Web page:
MPs are paid an annual salary (£79,468 in 2019 - ministers get more) to work for you - plus an allowance for a second home if required, travel, office running costs and other expenses. They also have a contributory pension scheme, similar to the one of many public service workers, providing the equivalent to 1/40th of their salary for each year of service. They sit for about 130 days a year (equivalent to 28 five day weeks) in addition to local constituency work. They are not "employees" so they are not entitled to sick pay, maternity leave or paternity leave - but they continue to receive their salary even if they don't attend parliament.

A full list of MPs' and ministers' salaries may be seen here.

They are permitted to take employment and receive income from outside parliament and a few of them make millions that way. They are also permitted to accept donations from third parties - as long as they list those donations in their register of interests.

You must decide for yourself if an MP, receiving hundreds of thousands, or even millions, from outside interests, is really working for you.

If an MP is receiving tens of thousands of pounds from an armaments manufacturer it is fair to assume that they will not be unbiased in a debate on defence. If an MP is major shareholder in an investment bank or hedge fund it is fair to assume they will not be unbiased on any debate about finance. If an MP, or a group of MPs, is receiving funds from a Russian oligarch, a Saudi prince, an agency of a foreign government or a non-UK resident media owner, it is reasonable to ask why.

We recommend the They Work For You web site which enables you to see who is funding MPs. Once you know who is providing the money you can dig deeper (via Google for example) to find their background and work out their agenda - what they are getting for their money.

  • Visit the site and enter the name of the MP, e.g. Boris Johnson, Tom Watson or Dennis Skinner,
  • scroll down to see the results,
  • click on the MP's name,
  • scroll down to "Register of member's interests",
  • add up the amounts in each section,
  • look for the names of key donors in section 2,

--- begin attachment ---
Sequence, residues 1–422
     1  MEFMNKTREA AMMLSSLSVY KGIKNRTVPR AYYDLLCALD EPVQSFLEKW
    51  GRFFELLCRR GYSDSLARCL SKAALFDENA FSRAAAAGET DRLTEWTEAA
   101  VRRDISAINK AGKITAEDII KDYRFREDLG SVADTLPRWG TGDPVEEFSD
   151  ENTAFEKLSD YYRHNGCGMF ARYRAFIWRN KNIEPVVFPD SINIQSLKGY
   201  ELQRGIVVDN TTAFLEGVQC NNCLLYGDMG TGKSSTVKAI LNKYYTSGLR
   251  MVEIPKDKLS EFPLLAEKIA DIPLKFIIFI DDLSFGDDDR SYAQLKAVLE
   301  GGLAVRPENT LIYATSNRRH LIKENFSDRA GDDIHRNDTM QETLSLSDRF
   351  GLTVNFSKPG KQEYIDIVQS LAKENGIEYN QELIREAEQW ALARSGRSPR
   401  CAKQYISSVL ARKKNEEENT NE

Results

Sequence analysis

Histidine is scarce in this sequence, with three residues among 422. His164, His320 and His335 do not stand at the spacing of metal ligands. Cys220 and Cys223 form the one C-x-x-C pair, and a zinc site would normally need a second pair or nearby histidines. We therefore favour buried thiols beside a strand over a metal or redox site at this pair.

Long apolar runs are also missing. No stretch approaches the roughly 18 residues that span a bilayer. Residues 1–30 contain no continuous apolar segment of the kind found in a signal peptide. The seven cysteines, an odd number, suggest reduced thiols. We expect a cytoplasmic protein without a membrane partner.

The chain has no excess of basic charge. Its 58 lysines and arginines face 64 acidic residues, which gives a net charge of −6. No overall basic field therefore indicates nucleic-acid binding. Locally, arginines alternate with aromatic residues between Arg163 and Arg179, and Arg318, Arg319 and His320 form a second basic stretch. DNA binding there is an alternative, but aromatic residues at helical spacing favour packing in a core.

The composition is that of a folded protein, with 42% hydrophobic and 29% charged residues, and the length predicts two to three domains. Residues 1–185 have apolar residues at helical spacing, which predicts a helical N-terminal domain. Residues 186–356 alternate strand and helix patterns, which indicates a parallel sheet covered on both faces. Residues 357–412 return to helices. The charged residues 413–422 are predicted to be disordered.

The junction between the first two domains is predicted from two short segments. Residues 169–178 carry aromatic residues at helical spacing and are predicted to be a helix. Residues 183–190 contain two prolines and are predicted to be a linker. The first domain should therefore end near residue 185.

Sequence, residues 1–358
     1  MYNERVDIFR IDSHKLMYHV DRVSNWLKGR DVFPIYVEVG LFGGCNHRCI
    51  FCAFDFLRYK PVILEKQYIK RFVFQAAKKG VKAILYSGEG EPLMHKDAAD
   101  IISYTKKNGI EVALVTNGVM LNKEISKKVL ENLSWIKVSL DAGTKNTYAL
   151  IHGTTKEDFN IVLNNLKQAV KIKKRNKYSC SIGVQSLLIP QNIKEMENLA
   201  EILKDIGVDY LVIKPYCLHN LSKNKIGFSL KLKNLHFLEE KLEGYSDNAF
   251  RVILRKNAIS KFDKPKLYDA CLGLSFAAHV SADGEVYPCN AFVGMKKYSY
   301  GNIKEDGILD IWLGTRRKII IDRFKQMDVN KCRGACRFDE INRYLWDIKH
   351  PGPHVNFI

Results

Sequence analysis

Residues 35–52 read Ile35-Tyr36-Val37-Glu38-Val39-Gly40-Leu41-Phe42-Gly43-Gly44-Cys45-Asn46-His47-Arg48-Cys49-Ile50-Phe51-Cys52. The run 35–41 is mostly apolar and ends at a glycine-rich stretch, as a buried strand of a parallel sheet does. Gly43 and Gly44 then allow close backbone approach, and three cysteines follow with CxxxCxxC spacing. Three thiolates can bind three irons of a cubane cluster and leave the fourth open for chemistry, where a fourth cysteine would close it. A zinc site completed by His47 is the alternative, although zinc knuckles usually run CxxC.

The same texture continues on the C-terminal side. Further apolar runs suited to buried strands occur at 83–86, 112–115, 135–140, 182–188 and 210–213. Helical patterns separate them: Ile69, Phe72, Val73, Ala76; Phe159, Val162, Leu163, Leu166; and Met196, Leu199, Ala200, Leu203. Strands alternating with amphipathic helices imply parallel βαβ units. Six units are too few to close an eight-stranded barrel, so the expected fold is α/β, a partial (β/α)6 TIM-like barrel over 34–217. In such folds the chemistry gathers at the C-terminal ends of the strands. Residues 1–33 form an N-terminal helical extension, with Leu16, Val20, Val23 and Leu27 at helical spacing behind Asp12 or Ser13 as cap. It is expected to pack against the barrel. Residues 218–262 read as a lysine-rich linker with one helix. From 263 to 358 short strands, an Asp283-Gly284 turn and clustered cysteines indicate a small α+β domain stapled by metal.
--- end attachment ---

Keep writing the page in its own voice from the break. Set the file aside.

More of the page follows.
• find out more about each donor and work out their agenda.

Think tanks

You don't have to bribe MPs or "own" entire political parties by the scale of your donations, you can set up a Think Tank.

"Think Tanks", or as they are sometimes laughingly called in the press, "Independent Think Tanks", are not independent.

They provide research and arguments for those trying to maintain or change the way the country operates. They provide ammunition for MPs (sometimes they even write MPs' speeches!) and material for the media.

The media colludes with all this - how often do you hear a BBC or ITV presenter or interviewer, when faced with someone from a think tank, ask "just so our viewers know where you are coming from - who funds you - and why?" Journalists rarely follow the money - there are honourable exceptions but they are usually on fringe channels (like C4 News) or on late at night.

"Follow the money", look at who funds them, work out what their agenda is. We recommend the Who Funds You? web site to see who is funding the leading think tanks.

Each think tank has a web site which may, or may not, provide a page showing how it is funded. Look at those providing the money and decide for yourself what their real agenda is.

You can assume that those who refuse to reveal their funding are up to no good - they don't have your best interests at heart. "We respect the privacy of our donors" means "our donors don't want you to know what they are up to."

Some think tanks operate below the radar, they don't provide any public information, they operate in the shadows of Westminster and they can be hard to investigate.

Most think tanks are right wing, very few are left wing.